Amnesty Is the Best Revenge, or the Empire Strikes Back

By Mark Krikorian, November 9, 2012

The Chicken Little amnesty panic is underway among the Republican establishment. Boehner, Hannity, the Wall Street Journal, Jeb Bush, Lindsey Graham, Norquist, Krauthammer, et al. are announcing that in the wake of Romney's loss the GOP can't survive unless it revisits the failed Bush/Kennedy amnesty.

But for some of these people, "panic" isn't really the right word. Yes, the amnesty cabal is attempting to exploit the post-election malaise to stampede Republicans into supporting what will undoubtedly be a 2,000-page bill we'd have to pass in order to learn what's in it.

But what we're seeing is not panic, It's revanchism, the desire for revenge. The Republican elite was soundly defeated in June 2007, when President Bush's left-right alliance of Big Business, Big Labor, Big Media, Big Race, Big Religion, and Big Philanthropy was stopped dead in the Senate by a sustained outcry from the hoi polloi the likes of which the World's Greatest Deliberative Body had never seen. As Hitler put it in the inevitable Downfall parody, "We had the Chamber of Commerce! We had the unions! We had the ACLU! . . . Every newspaper, every editorial writer was agitating for amnesty! What happened?!"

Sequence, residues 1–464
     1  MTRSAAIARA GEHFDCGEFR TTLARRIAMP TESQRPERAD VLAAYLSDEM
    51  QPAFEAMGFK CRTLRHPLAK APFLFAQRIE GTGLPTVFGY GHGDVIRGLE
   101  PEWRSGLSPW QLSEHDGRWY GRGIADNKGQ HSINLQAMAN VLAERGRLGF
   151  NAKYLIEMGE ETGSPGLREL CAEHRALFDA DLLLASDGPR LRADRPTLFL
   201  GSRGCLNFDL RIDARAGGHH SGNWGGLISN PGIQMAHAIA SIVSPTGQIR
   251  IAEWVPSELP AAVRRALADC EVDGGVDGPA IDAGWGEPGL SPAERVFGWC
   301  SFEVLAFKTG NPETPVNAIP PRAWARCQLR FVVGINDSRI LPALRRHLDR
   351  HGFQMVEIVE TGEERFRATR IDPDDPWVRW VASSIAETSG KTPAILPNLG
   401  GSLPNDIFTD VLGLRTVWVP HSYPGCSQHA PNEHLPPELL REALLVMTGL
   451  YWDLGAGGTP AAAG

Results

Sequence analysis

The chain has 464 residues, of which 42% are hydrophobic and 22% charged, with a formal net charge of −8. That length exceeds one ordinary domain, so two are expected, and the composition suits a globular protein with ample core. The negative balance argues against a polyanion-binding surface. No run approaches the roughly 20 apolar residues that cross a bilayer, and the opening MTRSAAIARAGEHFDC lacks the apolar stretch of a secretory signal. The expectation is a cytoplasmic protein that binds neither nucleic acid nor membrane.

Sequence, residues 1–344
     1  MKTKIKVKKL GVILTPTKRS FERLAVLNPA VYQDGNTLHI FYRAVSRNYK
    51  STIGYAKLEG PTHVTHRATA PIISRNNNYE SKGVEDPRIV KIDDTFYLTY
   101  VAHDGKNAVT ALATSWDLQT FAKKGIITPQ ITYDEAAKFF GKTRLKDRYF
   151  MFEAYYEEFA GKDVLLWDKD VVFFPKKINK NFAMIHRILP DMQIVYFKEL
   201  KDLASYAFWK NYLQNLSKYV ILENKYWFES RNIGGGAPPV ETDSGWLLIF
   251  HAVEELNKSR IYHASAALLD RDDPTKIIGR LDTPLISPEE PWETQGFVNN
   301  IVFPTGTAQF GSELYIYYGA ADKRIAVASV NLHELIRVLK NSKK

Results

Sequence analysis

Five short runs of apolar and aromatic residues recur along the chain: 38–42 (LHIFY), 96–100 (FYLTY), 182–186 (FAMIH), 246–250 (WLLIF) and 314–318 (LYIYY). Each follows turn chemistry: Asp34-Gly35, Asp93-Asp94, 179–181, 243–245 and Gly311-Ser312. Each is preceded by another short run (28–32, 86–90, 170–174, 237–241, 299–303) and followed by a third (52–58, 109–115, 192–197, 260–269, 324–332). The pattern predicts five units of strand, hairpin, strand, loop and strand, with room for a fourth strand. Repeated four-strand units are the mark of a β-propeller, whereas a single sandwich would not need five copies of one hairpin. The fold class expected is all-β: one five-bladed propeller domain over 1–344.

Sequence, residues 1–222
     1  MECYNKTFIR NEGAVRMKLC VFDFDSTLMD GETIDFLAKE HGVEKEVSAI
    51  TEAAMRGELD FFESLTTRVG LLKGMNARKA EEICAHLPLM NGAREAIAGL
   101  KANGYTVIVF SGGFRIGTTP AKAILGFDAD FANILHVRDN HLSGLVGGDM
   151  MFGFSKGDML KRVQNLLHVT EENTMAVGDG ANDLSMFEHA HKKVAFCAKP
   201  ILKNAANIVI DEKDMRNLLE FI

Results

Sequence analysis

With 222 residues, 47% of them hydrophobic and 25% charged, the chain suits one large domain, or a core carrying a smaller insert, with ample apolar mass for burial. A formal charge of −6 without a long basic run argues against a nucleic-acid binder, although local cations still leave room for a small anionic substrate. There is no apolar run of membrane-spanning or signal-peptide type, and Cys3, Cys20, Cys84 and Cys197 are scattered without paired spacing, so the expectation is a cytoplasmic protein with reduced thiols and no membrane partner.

When the amnesty was finally killed on June 28, 2007, President Bush was on a visit to the Naval War College and held an impromptu news conference in a hallway. The text of his statement doesn't convey what you could see in the video; the CNN correspondent said "the disappointment was written on his face", but it was more than that — Bush was shocked, shaken, genuinely having believed his earlier bravado that led him to tell reporters "I'll see you at the bill signing."

Ever since, the Republican elite has been licking its wounds, biding its time for the best opportunity to strike back against the people. Thus, ironically, Obama's victory was a godsend to the GOP establishment's desire to settle this score not with a rival faction but with the GOP electorate itself. This should come as no surprise. Mexican political scientist Fredo Arias-King, while a representative for Vicente Fox's ultimately successful campaign for presidency of that country, met with almost 80 U.S. senators and representatives, discussing immigration in depth with most of them. His findings were sobering, discussed here and here. This observation is relevant to today's amnesty scramble (my emphases):

Also curiously, the Republican enthusiasm for increased immigration also was not so much about voting in the end, even with "converted" Latinos. Instead, these legislators seemingly believed that they could weaken the restraining and frustrating straightjacket devised by the Founding Fathers and abetted by American norms. In that idealized “new” United States, political uncertainty, demanding constituents, difficult elections, and accountability in general would "go away" after tinkering with the People, who have given lawmakers their privileges but who, like a Sword of Damocles, can also "unfairly" take them away. Hispanics would acquiesce and assist in the "natural progress" of these legislators to remain in power and increase the scope of that power. In this sense, Republicans and Democrats were similar.